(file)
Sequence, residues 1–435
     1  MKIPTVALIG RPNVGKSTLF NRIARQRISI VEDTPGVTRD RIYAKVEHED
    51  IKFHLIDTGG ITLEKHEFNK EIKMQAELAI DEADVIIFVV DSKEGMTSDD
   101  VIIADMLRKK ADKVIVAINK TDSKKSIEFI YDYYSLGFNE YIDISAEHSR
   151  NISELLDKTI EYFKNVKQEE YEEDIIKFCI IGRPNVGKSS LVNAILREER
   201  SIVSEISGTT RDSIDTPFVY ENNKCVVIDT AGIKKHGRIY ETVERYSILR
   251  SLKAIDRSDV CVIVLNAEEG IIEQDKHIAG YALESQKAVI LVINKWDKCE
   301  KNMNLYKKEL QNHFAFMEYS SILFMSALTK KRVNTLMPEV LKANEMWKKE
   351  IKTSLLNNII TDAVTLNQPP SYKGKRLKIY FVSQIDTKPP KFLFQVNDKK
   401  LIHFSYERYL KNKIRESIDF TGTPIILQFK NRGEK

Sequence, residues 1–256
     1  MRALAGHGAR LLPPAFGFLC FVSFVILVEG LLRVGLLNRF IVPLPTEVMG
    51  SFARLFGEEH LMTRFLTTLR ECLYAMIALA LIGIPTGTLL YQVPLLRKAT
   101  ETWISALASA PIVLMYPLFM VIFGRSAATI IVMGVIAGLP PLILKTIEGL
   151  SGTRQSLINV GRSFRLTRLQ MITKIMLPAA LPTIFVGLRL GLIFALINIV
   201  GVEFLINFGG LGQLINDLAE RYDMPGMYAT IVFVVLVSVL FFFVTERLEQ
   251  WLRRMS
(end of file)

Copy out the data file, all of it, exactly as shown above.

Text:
Sequence, residues 1–435
     1  MKIPTVALIG RPNVGKSTLF NRIARQRISI VEDTPGVTRD RIYAKVEHED
    51  IKFHLIDTGG ITLEKHEFNK EIKMQAELAI DEADVIIFVV DSKEGMTSDD
   101  VIIADMLRKK ADKVIVAINK TDSKKSIEFI YDYYSLGFNE YIDISAEHSR
   151  NISELLDKTI EYFKNVKQEE YEEDIIKFCI IGRPNVGKSS LVNAILREER
   201  SIVSEISGTT RDSIDTPFVY ENNKCVVIDT AGIKKHGRIY ETVERYSILR
   251  SLKAIDRSDV CVIVLNAEEG IIEQDKHIAG YALESQKAVI LVINKWDKCE
   301  KNMNLYKKEL QNHFAFMEYS SILFMSALTK KRVNTLMPEV LKANEMWKKE
   351  IKTSLLNNII TDAVTLNQPP SYKGKRLKIY FVSQIDTKPP KFLFQVNDKK
   401  LIHFSYERYL KNKIRESIDF TGTPIILQFK NRGEK

Sequence, residues 1–256
     1  MRALAGHGAR LLPPAFGFLC FVSFVILVEG LLRVGLLNRF IVPLPTEVMG
    51  SFARLFGEEH LMTRFLTTLR ECLYAMIALA LIGIPTGTLL YQVPLLRKAT
   101  ETWISALASA PIVLMYPLFM VIFGRSAATI IVMGVIAGLP PLILKTIEGL
   151  SGTRQSLINV GRSFRLTRLQ MITKIMLPAA LPTIFVGLRL GLIFALINIV
   201  GVEFLINFGG LGQLINDLAE RYDMPGMYAT IVFVVLVSVL FFFVTERLEQ
   251  WLRRMS